North Korea: North Korea on Tuesday fired a missile the country says is capable of hitting the mainland U.S. The nuclear test likely stunts any hope of a short-term diplomatic detente between the U.S. and North Korea. And Sen. Lindsey Graham (R-S.C.) said “we’re headed to a war” if North Korea does not stop its missile tests.
John Conyers: Members of the Congressional Black Caucus, which was founded by the Michigan Democrat, are quietly pushing the 26-term congressman to retire after multiple sexual harassment allegations have emerged.
Roy Moore: Trump isn’t giving up on the Alabama Senate race and is now considering using his network to boost the embattled GOP Senate candidate before the Dec. 12 special election.
CFPB: The Trump appointee to run the Consumer Financial Protection Bureau — the agency created under Obama to protect consumers from predatory banking practices — is the legitimate appointee, a federal judge said Tuesday. This ends a leadership dispute triggered by the resignation of the Obama-era agency head.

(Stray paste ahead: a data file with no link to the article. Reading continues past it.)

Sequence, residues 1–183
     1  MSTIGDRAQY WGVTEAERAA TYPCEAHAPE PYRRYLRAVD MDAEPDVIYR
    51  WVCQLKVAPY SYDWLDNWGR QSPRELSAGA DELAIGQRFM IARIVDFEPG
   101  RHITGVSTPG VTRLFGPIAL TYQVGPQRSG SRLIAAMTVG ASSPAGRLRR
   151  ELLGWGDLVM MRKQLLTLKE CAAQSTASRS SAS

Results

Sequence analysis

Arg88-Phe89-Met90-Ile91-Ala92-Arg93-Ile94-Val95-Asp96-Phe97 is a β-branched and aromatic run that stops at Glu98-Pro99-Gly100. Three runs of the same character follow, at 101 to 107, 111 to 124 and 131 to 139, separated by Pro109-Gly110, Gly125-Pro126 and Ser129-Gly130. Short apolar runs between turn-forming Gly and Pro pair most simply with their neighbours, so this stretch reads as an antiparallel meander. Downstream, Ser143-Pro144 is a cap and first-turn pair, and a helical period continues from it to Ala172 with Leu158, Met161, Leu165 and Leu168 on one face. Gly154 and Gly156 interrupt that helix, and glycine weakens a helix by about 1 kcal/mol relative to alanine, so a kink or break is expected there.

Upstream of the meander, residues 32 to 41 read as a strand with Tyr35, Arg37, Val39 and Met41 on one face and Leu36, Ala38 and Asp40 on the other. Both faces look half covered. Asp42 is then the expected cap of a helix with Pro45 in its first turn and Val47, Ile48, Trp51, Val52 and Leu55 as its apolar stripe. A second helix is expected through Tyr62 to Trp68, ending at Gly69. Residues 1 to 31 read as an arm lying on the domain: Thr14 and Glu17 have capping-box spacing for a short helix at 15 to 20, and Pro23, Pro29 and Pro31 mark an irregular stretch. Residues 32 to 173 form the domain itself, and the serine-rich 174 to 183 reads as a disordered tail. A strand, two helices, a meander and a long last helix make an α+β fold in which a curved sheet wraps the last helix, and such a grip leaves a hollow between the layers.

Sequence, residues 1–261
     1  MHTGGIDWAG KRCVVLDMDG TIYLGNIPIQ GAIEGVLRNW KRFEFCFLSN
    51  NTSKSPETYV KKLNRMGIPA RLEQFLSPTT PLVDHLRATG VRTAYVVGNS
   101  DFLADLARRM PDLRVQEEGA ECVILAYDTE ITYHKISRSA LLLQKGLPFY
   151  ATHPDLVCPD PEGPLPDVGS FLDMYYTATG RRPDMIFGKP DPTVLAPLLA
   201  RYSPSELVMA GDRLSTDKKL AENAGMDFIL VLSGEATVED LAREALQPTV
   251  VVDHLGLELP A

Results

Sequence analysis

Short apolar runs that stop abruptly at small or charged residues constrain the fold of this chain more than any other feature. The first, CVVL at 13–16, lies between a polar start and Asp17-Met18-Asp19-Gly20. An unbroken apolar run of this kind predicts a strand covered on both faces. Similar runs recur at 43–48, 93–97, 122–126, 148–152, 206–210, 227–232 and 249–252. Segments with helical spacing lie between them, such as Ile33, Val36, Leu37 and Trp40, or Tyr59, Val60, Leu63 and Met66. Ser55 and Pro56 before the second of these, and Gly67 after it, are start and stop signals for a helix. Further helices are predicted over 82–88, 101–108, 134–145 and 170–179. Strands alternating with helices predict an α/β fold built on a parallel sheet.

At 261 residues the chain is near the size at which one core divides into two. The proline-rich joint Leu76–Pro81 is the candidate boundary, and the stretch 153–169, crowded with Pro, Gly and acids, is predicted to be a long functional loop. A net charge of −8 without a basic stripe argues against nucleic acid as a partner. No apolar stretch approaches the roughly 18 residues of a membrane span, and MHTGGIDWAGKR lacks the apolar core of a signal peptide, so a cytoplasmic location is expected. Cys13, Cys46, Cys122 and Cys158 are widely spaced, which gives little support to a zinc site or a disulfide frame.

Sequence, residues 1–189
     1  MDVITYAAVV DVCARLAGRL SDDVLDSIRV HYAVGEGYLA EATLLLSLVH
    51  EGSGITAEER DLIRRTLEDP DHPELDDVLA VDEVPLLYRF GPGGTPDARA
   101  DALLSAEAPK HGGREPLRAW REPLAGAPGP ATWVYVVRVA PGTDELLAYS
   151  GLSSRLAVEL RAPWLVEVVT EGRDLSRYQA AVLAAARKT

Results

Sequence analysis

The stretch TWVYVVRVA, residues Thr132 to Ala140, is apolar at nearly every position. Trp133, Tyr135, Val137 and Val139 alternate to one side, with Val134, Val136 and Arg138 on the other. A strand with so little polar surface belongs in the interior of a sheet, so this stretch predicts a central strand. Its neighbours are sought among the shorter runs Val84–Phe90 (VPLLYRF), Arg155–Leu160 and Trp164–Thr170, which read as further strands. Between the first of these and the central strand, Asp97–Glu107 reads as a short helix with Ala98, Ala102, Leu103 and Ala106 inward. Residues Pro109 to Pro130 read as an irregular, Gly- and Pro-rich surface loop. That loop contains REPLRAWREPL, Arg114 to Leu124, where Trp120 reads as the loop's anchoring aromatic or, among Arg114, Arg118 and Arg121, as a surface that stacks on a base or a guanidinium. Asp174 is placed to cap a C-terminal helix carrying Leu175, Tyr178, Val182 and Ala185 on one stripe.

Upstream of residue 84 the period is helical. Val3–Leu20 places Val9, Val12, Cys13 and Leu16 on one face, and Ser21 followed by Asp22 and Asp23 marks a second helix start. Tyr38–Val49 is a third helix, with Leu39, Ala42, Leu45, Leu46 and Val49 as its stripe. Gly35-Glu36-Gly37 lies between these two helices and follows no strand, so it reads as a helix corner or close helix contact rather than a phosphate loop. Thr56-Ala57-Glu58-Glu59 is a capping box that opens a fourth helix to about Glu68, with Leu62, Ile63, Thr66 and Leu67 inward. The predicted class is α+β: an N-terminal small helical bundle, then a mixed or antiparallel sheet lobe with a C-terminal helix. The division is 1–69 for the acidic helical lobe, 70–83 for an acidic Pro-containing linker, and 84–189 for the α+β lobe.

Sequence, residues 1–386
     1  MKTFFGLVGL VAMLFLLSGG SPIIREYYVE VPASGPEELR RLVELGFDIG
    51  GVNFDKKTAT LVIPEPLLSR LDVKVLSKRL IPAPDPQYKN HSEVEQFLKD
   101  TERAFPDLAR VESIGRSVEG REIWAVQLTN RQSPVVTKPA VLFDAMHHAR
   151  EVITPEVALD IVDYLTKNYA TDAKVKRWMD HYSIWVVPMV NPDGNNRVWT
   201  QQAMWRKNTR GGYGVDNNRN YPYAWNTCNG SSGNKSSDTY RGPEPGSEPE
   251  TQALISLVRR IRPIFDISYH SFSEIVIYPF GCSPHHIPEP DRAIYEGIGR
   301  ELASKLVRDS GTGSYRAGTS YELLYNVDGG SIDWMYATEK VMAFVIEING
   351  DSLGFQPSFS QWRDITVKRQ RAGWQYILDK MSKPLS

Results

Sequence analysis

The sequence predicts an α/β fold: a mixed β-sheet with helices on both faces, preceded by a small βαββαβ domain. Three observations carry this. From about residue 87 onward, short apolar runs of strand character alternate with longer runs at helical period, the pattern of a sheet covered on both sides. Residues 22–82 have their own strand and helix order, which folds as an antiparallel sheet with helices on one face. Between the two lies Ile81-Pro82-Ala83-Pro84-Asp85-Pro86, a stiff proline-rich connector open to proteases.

Under the radar:
Time Inc: “Influence works in different ways and it’s not always overt.” Current and former Time Inc. employees worry about the involvement of the Koch brothers in Meredith Corp.’s purchase of the company.
FCC: Twitter bans of conservatives, not net neutrality, are the real threat to internet freedom, the Trump-appointed Federal Communications Commission chairman said Tuesday.
Puerto Rico: Sen. Bernie Sanders (I-Vt.) has introduced legislation to put his progressive vision for America to the test in the hurricane-devastated U.S. territory.
I shot video of protesters disrupting the Republican hearing on the Senate tax bill on Capitol Hill. Click or tap the video below to watch.